The first contact between Schettino and Ferrarini took place about 15 minutes after the collision, at 9:57 p.m. In the call, Schettino told Ferrarini of the crash and said the ship had lost power but assured him the ship could still navigate and the situation was being investigated. In subsequent calls, Foschi said, Schettino updated Ferrarini about the ship taking on water but insisted it could still navigate.
Foschi told lawmakers that Ferrarini reported Schettino was calm during the calls. The last call in which the captain reported the situation was under control came in at 10:33 p.m., he said. Two minutes later, Schettino called to tell Ferrarini the ship was being evacuated, Foschi said, adding that Ferrarini was surprised at the sudden change.
Ferrarini and Schettino continued to talk during the evacuation, Foschi said, but did not provide further details.
Costa cannot conduct an independent investigation because prosecutors seized the ship's data recorder, or "black box." The recorder had some connection problems but is working, Foschi said. It contains conversation recordings and navigation system data, he said.
Schettino's defense attorney, Bruno Leporatti, filed an appeal Wednesday of a judge's decision to place the captain on house arrest, Leporatti's office said in a statement. Both the prosecution and the defense are appealing the decision -- prosecutors because they believe Schettino should be in custody, and the defense because it believes he should have been released with no restrictions on his movements.
In his deposition, Schettino defended his decision not to evacuate the ship immediately.
"It's not like I can have a black out and immediately say, 'Let's all get out of here,' " he said. "Where do I send these people? I need to have the certainty and reach my decision on the fact that the ship is like that (no longer capable of floating). I am not going to put at risk the lives of 4,000 people."
Cruise ship passengers described a scene of panic and confusion as they rushed for lifeboats. Some said the crew seemed overwhelmed and did not have accurate information on what was taking place.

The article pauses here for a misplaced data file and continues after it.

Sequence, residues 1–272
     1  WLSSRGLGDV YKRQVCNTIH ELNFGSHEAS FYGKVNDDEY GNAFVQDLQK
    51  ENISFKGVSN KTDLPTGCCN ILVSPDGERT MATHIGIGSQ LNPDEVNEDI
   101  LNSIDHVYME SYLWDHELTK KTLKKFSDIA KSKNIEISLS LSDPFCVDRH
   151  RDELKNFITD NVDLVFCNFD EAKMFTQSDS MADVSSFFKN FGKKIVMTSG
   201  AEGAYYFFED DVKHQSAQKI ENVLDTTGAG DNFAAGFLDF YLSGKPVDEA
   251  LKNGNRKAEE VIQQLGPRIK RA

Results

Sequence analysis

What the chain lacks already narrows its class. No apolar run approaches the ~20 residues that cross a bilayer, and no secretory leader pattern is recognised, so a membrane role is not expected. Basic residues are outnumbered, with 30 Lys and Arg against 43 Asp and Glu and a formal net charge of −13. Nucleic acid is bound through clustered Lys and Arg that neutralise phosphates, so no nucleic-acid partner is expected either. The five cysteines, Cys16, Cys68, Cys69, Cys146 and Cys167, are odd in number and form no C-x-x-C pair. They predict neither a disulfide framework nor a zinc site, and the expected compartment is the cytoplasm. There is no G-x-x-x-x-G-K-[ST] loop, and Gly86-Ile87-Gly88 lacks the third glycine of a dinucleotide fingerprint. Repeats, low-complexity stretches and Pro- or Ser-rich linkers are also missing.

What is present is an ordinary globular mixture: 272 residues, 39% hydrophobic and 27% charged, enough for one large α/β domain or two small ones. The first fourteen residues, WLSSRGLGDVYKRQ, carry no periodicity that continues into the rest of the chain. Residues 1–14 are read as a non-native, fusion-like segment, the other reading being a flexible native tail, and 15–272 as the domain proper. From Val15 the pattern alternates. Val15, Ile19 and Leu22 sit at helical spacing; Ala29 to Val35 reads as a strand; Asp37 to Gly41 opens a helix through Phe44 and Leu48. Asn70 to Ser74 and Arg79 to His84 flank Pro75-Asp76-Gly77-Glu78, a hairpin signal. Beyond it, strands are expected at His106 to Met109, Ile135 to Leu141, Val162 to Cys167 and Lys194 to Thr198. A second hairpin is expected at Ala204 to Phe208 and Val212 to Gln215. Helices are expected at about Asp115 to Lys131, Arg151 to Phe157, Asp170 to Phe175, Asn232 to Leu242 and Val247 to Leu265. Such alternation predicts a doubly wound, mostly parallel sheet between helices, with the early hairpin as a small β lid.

In the transcript, Schettino also described the chaos, saying he helped passengers onto lifeboats and that some became stuck because of the angle of the listing ship. He said he was trying to launch a lifeboat when he realized he was no longer on board.
"I was then on the lifeboat. It isn't as if I had boarded it," he said. "Look, I fell on its roof."
However, in the wiretapped conversation, Schettino tells the friend, "When I understood that the ship was tilting, I decided to leave, and left," according to Corriere della Sera.
A captain's leaving the ship with passengers still aboard is difficult to defend, said Italian criminal defense attorney Ugo Meucci, who does not represent Schettino.
"This is a very difficult position because our law is very strong, and the risk is very high for the captain," who could face a 15-year jail sentence, Meucci said.
Schettino has resolutely defended his actions after the ship hit the rocks, insisting he kept his bosses at Costa fully informed of the accident's severity.
"The gash (in the ship) was immense," the captain said in the wiretapped conversation. "There was this projection of rock, and then all what I did afterwards, I did it with my most professionalism, and this can help me alleviate or at least give me the illusion to be at peace with my conscience."
He tells the friend. "I'm proud of the fact that we saved almost all (the passengers). ... I went around picking up people at sea and I'm at peace."
Schettino also tells the friend, "I don't ever want to go back on ship."